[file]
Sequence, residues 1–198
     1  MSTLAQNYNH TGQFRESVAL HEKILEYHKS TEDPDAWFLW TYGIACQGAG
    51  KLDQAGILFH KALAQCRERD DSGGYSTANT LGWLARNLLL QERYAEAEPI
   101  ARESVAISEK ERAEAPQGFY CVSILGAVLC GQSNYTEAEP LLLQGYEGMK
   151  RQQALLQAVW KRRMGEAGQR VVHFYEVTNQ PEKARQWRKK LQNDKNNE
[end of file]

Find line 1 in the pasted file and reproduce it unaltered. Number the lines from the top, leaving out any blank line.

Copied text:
Sequence, residues 1–198